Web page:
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On airports

I’m sitting in the Salt Lake City airport by a wall of windows overlooking mountains and snow and planes taking off. It’s a beautiful view. I love the contrast of the peaceful mountains showcasing their strength against the hustle and noise of an airport.

I love airports. I hope I always will. I travel a fair amount and it’s easy to lose the magic and thrill of an experience when it becomes routine.

Airports are full of people who are tired, hungry, running late, excited, anxious, too hot, too cold — the whole spectrum of life. For a people watcher, it’s a goldmine.

But what I think I love most is that airports represent two of my favorite feelings: the feeling of going somewhere new and the feeling of coming home.

Travel exposes you to people and art and beliefs and smells (uggghh) and styles and manners and all sorts of new opportunities. It’s a strange thing, for me at least, to love home as intensely as I do and yet at the same time love being in places that are so far removed and so opposite of home that it’s comical. (Cue India and cows roaming in streets. Also see point d: smells, listed above).

Boarding starts in the next 5 minutes and I’ll be winging my way through the Arctic Blast to Vancouver. I’m not exactly BFF with cold weather so…. fingers crosssed.

Gotta run!

One step at a time.

Hello friends.

You may have noticed the blog came to a sudden halt. Two weeks ago, my dad suddenly and unexpectedly died. And when I say suddenly, I mean it in every sense of the word. The Lord just took him home, right in the middle of an afternoon run. One second he was here and the next he was gone. In an instant. It was that sudden.

Needless to say, I haven’t had the words or the energy or even the motivation to write. It’s a strange thing, death. My dad brought joy and smiles and a giant Santa Claus belly laugh wherever he went and suddenly trying to keep up a blog that attempts to bring joy, smiles, and laughter into your life feels, well, wrong.

I know it’s not. I know he wants all of us to keep on living because he’s actually more alive now in Heaven than he ever was on earth. And that’s hard to believe because my dad knew how to live.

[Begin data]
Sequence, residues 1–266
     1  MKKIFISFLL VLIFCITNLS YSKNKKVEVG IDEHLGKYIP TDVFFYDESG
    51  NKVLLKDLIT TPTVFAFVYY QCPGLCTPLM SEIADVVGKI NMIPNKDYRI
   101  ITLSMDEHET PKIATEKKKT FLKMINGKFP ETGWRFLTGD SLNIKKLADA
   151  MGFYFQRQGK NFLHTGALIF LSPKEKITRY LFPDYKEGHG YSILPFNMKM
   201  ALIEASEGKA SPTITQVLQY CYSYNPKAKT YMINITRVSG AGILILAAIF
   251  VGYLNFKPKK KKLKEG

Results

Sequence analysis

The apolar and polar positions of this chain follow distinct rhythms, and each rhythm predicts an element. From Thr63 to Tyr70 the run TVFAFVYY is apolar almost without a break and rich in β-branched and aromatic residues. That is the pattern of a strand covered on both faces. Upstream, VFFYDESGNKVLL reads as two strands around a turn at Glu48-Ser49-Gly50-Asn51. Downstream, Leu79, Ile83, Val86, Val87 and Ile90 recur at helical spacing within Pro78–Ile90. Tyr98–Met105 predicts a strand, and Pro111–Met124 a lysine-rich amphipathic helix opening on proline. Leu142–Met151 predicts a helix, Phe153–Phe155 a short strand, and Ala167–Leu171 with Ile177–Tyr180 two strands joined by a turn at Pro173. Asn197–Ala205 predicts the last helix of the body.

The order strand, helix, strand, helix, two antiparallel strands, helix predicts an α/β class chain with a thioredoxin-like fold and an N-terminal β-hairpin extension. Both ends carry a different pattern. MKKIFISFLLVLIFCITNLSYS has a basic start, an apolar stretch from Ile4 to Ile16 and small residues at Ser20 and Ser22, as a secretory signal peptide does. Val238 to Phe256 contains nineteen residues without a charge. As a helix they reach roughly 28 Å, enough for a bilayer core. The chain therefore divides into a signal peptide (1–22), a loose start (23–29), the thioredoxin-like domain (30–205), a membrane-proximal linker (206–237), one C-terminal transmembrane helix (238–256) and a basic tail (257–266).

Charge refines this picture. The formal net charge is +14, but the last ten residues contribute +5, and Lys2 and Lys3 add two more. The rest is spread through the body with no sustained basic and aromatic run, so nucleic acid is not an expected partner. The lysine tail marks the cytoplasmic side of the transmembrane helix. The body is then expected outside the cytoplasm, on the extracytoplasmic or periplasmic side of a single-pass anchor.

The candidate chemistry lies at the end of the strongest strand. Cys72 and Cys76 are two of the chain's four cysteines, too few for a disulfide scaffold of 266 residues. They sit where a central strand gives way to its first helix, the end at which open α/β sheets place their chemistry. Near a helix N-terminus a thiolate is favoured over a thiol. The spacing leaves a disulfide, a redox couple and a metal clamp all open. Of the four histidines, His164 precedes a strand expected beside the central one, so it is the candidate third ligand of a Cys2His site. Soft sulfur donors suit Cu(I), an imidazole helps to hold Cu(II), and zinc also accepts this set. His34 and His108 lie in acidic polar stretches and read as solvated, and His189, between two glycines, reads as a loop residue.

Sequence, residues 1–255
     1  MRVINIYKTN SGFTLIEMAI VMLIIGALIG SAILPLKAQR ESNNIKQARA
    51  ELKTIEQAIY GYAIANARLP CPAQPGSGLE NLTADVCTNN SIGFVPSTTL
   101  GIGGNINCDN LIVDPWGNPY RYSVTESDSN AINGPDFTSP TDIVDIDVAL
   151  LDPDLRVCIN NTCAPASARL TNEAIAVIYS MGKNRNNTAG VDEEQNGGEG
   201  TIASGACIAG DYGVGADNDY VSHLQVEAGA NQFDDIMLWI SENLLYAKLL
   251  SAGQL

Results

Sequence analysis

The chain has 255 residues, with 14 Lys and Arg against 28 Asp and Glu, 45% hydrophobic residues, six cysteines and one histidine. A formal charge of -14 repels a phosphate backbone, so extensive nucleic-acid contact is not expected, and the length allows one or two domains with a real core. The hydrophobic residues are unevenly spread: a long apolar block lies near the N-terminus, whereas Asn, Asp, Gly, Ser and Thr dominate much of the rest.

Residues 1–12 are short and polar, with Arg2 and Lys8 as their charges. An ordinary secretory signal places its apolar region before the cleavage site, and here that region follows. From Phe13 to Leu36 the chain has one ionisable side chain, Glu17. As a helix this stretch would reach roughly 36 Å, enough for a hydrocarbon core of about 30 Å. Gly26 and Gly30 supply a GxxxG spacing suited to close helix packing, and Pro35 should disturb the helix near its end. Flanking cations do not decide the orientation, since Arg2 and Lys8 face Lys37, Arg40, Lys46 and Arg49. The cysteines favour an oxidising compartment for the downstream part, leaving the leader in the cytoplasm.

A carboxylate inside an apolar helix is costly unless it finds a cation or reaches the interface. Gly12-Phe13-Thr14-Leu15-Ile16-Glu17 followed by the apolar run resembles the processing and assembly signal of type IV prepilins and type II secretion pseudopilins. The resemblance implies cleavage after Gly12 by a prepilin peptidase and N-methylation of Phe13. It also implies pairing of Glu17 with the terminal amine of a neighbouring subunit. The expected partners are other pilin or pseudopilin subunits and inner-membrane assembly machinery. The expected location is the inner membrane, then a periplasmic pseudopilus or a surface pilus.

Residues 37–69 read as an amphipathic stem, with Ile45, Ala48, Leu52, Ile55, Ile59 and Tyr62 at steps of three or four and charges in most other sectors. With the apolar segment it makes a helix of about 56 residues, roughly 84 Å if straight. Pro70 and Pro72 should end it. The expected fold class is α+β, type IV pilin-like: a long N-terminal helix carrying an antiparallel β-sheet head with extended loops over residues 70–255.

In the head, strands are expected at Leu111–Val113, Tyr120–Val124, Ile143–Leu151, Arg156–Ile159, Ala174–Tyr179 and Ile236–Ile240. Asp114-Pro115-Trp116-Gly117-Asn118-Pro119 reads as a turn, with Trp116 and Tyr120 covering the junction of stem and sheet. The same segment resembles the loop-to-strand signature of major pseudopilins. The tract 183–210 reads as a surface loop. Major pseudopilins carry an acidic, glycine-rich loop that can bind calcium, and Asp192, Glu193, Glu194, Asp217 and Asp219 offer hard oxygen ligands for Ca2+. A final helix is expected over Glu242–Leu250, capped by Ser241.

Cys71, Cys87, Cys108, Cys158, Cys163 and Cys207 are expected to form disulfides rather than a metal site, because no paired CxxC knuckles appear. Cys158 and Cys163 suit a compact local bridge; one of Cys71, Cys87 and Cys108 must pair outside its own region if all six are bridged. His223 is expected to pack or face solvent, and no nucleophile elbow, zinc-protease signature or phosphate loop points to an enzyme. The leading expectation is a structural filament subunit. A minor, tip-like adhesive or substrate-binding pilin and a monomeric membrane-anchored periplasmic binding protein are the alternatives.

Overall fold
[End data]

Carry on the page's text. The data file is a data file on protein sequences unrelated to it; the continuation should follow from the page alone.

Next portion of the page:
I promise to tell you more about him. I want you to know him. I want you to know this incredible man who loved everyone, served everyone, and left a legacy wider and deeper than I could have ever imagined.

But for now, I’m focusing on the task in front of me. In this case, it’s a 30+ hour flight to Manila, Philippines on the hippie flight to L.A. I’ve never seen so many vegans on a Delta flight in my life. The couple next to me have their shoes off, feet up on the bulkhead, and are traveling with one of the three large poodles I saw at the checkin counter. And we nearly had to turn the plane around because a girl with a cast was sitting on the exit row.

Another shining moment in air travel.

p.s. My mom is amazing and started a blog of her own about my dad called Lessons from Roger. Check it out!

The Art of Choosing an Airline Seat

Two universal truths exist in this world: (1) no one can stop eating in the middle of a can of Pringles and (2) not all airline seats are created equal.

This afternoon I faced, yet again, this game of Russian roulette otherwise known as choosing a seat on an international flight.

With my Medallion status on Delta, more seat options are available to me. (All in economy! Don’t have any fancy ideas that I am eating caviar and drinking champagne on these trips. I’m chewing peanuts and stewed tomatoes with the rest of the cabin).